By Mike Williscraft
They came. They saw. They got wet.
That was pretty much the order of the weekend for West Niagara Fair attendees.
“We did the best we could,” said West Niagara Agricultural Society president Albert Witteveen.
“People were very understanding. We got a lot of positive comments and we heard a lot of ‘We’re looking forward to coming back next year when everything is done’.”
Witteveen was referring to the overall fairgrounds, which has been under construction most of this year at the new Mud Street location, just west of Mountain Road.
“The construction crew has done a great job, as has our committee, just to get where we are. We just got out occupancy permit last week, so we covered a lot of ground,” said Witteveen.
As much as people wanted to see the farm animals and exhibits, take in a demo derby or live performance, virtually all just wanted to see how the new grounds would be set up.
“The only real problem we had was with the agriculture education show. It kind of got washed out due wet ground,” said Witteveen.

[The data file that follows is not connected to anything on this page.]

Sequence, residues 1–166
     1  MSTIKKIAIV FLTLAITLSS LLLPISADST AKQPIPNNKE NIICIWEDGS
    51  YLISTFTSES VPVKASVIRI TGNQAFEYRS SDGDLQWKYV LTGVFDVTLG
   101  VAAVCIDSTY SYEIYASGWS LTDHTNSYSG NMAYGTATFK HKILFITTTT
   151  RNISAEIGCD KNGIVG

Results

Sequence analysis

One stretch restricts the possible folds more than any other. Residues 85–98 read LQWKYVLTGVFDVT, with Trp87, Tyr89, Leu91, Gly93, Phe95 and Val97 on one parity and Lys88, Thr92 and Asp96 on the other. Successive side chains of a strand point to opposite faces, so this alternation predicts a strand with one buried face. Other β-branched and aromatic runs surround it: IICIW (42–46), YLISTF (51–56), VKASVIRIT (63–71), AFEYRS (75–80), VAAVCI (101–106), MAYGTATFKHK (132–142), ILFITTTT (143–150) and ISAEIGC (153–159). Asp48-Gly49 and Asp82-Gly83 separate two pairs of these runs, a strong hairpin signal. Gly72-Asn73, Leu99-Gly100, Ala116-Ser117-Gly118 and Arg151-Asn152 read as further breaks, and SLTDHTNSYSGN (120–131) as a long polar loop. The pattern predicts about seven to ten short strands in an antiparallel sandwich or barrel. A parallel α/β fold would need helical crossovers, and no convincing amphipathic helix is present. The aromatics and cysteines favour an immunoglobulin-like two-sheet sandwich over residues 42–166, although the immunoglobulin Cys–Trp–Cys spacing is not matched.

“The carnival guys really like the stonedust yard. They told us when they were in Renfrew they had to get tractors to pull the rides out because the ground turned to mud. Our grounds drained well.”
The four-day event started promisingly with more than 2,000 fans attending Thursday night’s demolition derby.
Friday’s main focus was a cattle and mini-horse show.
“Saturday sucked. That said we did have good crowds taking in some of the shows like Mad Science and Guitar Loft’s performance stage,” said Witteveen.
The all-day rain also forced the cancellation of such attractions as the helicopter rides and Saturday night’s fireworks, which got pushed into Sunday.
“Our spirits were really down after Saturday. We put in a lot of work to have that happen. It was unfortunate. But we bounced back Sunday with a very strong day.
Despite threatening skies, the heavy rains of Saturday never did materialize.
“The people did come out. We had better gate receipts Sunday than Thursday, so it was good to close things out on a high note,” said Witteveen.
“A lot of people just wanted to come out and view the facility and we got a lot of great comments. People understood. They know it will be that much better next year with a year of maturity under its belt.”
“It was all a learning experience, for sure, so we’re expecting to build on that for next year.”
This is exactly what organizers of West Niagara Fair woud like to do to Mother Nature…BONK! The inaugural event at the new fairgrounds on Mud Street caught possibly the worst weekend of weather the whole summer. Despite that, thousands of area residents braved the elements to have some fun, like Philip Kuti (the axeman) and his sister Lily.
Williscraft – Photo